knowledge of what repercussions the pull would have. This is it he thought; he looked through
the lenses of his Romak 3, held his breath, and squeezed the trigger. The Romak 3 did nothing…
Tarek checked the rifle and noticed it wasn’t cocked. How foolish of him he thought. He pulled
back the cocking bolt and once again held his breath, aimed for the moving tire, and squeezed as
he exhaled. The Romak 3 released a thundering sound of hell, the 7.62 mm round ripped through
the frontal tire of the first truck almost instantly. The surprise attack caught the Americans off
guard, and the shock of a sniper had the troops manning the turrets hitting the ground. This
however was exactly Shafeek’s specialty. As if on cue, Shafeek’s rifleman along with Tarek’s
own jumped from their cover and started moving towards the American Buggies. Firing their AK
47’s at full auto, they finally hit a 5 gallon reserve tank on the front buggy causing it to explode.
To the sound of the rifle fire the second buggy seemingly taken aback by the coordination of the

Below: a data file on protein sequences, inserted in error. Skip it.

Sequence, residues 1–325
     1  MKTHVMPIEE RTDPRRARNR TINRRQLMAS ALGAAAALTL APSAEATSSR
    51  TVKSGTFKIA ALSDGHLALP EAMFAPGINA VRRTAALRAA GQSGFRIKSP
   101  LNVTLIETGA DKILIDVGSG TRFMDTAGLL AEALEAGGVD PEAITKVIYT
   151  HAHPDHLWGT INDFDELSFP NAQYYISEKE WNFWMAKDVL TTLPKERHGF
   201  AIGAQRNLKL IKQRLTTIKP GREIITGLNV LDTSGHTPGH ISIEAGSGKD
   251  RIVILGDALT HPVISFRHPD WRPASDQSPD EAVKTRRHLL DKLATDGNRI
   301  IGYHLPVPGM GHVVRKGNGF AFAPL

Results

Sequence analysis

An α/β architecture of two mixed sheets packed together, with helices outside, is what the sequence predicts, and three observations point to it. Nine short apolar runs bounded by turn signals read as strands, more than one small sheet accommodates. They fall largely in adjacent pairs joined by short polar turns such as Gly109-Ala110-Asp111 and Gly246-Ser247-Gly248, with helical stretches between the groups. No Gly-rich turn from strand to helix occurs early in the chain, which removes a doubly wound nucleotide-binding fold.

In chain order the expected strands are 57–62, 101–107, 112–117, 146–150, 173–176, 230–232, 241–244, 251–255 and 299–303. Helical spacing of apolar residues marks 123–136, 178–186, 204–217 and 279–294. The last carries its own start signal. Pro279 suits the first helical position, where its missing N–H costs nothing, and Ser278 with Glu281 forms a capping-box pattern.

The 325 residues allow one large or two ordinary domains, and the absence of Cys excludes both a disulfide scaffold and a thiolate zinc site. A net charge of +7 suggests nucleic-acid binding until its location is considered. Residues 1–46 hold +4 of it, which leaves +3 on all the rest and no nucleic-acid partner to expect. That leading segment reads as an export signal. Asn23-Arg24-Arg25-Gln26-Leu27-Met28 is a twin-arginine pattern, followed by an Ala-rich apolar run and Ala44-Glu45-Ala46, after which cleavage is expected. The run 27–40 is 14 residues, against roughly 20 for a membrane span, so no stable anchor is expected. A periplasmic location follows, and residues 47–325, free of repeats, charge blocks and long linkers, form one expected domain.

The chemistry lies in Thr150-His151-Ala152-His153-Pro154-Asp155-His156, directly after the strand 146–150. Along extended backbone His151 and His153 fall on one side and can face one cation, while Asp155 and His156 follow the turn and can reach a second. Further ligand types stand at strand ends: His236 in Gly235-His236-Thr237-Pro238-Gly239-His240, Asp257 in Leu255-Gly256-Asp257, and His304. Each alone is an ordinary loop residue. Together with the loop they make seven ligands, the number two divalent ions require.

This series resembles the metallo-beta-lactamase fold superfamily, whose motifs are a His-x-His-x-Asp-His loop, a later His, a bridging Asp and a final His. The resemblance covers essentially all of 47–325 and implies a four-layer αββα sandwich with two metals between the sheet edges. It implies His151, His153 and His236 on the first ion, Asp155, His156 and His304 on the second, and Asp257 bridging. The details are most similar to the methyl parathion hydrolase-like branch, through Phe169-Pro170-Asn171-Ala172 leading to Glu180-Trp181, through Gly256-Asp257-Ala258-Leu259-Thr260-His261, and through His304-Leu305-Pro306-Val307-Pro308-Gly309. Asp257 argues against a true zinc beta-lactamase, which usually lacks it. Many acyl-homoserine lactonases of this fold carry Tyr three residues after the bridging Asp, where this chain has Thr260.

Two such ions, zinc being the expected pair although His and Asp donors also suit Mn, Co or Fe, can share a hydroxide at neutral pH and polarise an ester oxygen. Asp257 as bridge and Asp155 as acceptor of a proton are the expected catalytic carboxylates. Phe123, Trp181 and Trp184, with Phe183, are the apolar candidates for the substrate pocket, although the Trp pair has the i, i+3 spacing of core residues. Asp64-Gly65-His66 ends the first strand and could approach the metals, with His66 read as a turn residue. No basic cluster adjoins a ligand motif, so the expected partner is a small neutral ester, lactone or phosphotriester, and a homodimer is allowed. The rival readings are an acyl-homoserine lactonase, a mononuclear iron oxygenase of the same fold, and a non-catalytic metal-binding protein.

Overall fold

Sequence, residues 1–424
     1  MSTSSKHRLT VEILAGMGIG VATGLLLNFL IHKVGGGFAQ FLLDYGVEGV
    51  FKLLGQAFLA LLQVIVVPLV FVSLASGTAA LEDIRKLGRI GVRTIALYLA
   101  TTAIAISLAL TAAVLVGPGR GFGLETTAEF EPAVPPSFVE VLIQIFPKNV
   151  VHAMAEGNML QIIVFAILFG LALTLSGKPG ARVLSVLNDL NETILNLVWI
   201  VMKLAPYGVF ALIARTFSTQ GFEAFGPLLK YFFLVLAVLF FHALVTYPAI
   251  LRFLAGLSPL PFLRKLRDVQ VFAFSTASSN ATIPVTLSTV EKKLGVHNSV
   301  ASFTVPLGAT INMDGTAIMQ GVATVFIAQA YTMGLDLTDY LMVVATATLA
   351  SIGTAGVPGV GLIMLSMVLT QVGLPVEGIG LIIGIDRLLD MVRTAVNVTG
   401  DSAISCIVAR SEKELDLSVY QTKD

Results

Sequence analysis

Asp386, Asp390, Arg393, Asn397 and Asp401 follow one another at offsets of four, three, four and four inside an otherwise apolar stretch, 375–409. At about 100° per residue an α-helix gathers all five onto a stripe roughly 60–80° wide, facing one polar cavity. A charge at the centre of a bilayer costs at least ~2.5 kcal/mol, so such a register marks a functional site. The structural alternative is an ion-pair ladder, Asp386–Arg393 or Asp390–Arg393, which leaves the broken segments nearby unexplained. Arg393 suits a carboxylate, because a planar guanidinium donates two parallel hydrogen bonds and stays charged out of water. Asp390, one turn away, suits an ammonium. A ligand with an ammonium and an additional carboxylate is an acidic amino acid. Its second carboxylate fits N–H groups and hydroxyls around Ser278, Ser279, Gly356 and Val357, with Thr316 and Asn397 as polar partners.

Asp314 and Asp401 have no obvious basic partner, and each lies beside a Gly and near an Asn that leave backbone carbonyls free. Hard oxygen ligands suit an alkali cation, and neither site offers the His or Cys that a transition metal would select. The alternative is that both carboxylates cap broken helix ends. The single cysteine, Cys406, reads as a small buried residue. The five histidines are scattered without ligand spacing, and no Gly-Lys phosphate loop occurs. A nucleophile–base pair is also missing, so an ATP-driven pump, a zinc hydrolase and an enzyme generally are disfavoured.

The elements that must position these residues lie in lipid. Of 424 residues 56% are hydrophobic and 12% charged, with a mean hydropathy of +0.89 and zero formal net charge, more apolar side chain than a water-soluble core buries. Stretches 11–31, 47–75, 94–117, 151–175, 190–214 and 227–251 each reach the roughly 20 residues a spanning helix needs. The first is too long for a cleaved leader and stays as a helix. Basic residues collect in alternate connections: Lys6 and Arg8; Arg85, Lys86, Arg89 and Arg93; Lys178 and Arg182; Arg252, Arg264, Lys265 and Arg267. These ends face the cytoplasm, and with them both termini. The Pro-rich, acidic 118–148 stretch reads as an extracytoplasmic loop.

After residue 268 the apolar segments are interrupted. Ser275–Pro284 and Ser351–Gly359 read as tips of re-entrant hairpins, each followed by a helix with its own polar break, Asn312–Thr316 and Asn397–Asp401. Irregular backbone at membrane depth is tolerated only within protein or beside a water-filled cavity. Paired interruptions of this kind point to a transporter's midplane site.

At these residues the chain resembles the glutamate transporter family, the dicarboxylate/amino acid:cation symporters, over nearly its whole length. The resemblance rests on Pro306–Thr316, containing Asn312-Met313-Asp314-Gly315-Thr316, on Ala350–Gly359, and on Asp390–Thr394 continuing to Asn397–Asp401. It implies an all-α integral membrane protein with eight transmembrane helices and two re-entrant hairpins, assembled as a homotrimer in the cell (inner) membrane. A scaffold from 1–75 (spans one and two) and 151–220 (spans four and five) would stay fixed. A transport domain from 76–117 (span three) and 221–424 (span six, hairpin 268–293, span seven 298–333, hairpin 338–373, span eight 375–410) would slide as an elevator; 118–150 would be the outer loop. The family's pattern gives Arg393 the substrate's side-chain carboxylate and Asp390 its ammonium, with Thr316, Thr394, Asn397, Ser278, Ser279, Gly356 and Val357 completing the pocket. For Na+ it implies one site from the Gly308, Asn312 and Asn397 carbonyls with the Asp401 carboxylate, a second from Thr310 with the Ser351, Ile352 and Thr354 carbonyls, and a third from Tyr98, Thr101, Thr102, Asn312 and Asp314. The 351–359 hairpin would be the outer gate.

insurgent attack attempted to flee and open the way for the trucks escape. Shafeek however saw
the maneuver in time and released a hell-ridden RPG Rocket straight for the reversing buggy.
The sound was like one of a screeching banshee. The rocket was slow so it missed hitting the
vehicle, however a good piece of shrapnel tore through the light buggy and the pilot and turret
gunner were killed. Tarek looked around towards the west to see if the Humvees were returning.
If they hadn’t heard the rifle fire, they would have surely heard the distinct sound of the RPG.
Knowing time was of the essence, Tarek came out from beneath the rubble. His riflemen were
holding two American truck drivers hostage. The third one, who was seemingly the leader, was
dead with an M9 pistol in his hand. Tarek assumed his riflemen had encountered some resistance
with the third one. It was of no matter. He ordered one of the riflemen who was stationed with
him to return for Karish and load him in one of the trucks. He then ordered the immediate
execution of the two American truck drivers. This was his time for vengeance. One of the
Americans seemingly knowing what Tarek had ordered threw himself aground crying. Tarek
shook his head and kicked the American to the ground shoving his face in the dirt. He looked at
Shafeek who was picking up the third truck driver’s M9 pistol as a souvenir and said, “This is
what democracy does to warriors, what it does to nations, and what it does to honor…” He shook
his head “It breaks it all down, we must avoid this for our people.” Shafeek laughed and shot the
second truck driver who was attempting to calm the first one. “The Americans aren’t warriors,